vwestlife
August 6th, 2017, 06:05 PM
DeskMate 3.04 on a Tandy 1000RL (AMD 8086 at 9.54 MHz):


https://www.youtube.com/watch?v=yQ0o-TyFEWA

1ST1
August 6th, 2017, 07:09 PM
But you can also give Windows 1.0 and 2.0 a chance. Also quite nice but allmost useless... There is even not the GUI killer application "Solitaire".

Stone
August 7th, 2017, 02:01 AM
There is even not the GUI killer application "Solitaire".I prefer Spectrum HoloByte's Solitaire Royale. I think it's the best, old solitaire around.

Trixter
August 7th, 2017, 09:54 AM
There's also GEOS/GeoWorks.

Seconded. GeoWorks is not only usable on an 8086, it is surprisingly fast and usable on that platform, way more than GEM. If you have any hardware EMS to give it, it positively flies.

allCAPPS
August 8th, 2017, 05:25 AM
Thanks for the suggestions everyone! Oh man, I forgot all about Visi On. I'll definitely have to give GeoWorks a try too. I'd heard the name but that's about it. Very useful video. Does it only run in grayscale? (Not that that's a problem. :p)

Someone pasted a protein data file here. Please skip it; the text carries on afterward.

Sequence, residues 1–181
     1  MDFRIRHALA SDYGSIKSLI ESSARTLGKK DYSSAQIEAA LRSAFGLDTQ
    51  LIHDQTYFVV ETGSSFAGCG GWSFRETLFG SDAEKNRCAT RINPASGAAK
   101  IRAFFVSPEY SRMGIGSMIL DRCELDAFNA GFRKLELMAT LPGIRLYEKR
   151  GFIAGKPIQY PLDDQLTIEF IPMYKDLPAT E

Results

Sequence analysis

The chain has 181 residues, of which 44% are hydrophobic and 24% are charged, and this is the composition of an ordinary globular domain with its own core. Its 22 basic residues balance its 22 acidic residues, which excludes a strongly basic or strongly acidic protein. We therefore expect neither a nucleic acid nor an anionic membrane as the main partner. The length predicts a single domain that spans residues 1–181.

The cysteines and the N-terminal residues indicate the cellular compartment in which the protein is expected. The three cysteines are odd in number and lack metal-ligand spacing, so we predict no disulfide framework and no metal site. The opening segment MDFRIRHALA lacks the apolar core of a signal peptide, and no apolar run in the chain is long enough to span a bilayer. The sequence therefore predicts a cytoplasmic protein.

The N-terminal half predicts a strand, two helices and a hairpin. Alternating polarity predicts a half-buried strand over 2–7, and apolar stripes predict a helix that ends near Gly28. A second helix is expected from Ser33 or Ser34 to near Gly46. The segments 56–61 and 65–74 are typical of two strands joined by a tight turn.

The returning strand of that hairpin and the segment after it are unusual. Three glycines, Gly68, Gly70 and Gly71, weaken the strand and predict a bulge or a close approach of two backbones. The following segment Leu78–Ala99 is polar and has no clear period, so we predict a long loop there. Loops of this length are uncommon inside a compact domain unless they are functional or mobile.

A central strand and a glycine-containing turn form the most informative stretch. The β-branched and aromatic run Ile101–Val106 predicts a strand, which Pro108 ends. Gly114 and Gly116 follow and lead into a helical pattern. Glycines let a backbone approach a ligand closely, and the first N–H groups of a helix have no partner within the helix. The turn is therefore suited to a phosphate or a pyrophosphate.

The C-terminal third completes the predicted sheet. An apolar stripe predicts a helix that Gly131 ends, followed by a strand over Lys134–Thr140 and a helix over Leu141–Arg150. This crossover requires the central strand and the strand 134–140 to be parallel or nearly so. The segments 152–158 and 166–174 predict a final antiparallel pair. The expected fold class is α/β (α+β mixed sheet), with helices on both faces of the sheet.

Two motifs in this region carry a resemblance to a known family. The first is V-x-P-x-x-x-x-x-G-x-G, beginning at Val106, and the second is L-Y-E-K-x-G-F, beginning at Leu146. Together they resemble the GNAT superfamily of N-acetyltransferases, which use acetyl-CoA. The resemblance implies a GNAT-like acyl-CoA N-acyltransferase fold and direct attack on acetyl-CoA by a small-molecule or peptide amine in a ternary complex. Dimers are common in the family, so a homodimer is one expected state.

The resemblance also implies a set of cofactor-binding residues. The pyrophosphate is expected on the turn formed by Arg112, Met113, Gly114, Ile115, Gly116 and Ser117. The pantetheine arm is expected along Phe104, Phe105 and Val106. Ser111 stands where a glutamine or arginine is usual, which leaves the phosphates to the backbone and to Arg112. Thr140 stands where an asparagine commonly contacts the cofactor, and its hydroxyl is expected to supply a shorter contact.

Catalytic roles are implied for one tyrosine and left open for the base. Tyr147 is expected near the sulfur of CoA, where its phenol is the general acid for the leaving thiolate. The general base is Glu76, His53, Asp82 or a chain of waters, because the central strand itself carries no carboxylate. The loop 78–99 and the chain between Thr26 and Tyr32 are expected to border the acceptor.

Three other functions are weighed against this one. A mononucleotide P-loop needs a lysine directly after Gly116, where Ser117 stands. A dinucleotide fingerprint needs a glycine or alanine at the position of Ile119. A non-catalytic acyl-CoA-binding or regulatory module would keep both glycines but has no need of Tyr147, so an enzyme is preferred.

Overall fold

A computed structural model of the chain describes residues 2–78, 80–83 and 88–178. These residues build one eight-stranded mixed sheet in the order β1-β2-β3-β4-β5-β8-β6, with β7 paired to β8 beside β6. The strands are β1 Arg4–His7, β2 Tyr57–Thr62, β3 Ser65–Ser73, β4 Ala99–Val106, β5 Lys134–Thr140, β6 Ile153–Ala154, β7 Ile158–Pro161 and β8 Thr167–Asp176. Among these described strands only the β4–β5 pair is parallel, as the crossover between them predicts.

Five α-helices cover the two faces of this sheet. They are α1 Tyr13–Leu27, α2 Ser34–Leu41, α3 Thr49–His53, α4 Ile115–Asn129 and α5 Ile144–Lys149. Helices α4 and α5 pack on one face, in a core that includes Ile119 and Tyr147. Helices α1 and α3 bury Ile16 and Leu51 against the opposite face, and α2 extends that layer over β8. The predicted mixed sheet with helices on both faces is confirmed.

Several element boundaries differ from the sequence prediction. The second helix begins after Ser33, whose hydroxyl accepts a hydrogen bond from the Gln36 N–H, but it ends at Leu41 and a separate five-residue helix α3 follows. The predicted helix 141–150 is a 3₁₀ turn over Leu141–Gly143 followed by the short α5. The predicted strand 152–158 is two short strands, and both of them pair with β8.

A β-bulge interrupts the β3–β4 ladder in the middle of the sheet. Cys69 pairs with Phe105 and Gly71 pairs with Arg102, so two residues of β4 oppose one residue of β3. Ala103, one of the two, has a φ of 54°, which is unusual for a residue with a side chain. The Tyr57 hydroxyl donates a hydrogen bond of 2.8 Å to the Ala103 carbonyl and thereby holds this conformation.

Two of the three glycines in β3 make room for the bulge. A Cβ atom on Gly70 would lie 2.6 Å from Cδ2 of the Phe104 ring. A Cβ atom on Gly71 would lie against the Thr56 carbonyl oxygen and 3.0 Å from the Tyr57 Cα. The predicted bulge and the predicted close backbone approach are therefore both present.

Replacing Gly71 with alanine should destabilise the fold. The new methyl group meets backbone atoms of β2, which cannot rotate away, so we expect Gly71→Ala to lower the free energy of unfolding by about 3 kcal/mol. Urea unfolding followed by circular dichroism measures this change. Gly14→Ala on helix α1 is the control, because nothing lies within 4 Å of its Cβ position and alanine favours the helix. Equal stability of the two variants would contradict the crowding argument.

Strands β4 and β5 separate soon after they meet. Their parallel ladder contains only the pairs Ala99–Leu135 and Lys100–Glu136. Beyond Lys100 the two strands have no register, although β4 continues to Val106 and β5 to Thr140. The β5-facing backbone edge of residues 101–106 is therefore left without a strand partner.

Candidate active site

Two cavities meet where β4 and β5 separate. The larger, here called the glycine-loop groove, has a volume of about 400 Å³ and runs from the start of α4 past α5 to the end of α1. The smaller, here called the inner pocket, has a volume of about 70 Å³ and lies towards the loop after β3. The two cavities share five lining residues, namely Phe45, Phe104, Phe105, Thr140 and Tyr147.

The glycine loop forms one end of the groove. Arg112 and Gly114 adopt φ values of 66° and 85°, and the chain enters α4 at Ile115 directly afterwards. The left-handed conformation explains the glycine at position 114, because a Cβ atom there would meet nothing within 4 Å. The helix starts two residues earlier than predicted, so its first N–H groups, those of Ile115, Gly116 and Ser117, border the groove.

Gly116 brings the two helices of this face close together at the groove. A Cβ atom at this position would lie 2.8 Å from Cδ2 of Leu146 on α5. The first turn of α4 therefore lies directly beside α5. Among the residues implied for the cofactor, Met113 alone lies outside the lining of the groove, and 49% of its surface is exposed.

allCAPPS
August 8th, 2017, 05:28 AM
By the way, I haven't tried anything yet. The original CRT died last week. I'm picking it up from the shop later today, so I'll let you all know how it goes.

Casey
August 9th, 2017, 08:53 PM
But you can also give Windows 1.0 and 2.0 a chance. Also quite nice but allmost useless... There is even not the GUI killer application "Solitaire".

Ah, yes, the joy of Reversi! :sarcasm:

evildragon
August 10th, 2017, 04:59 AM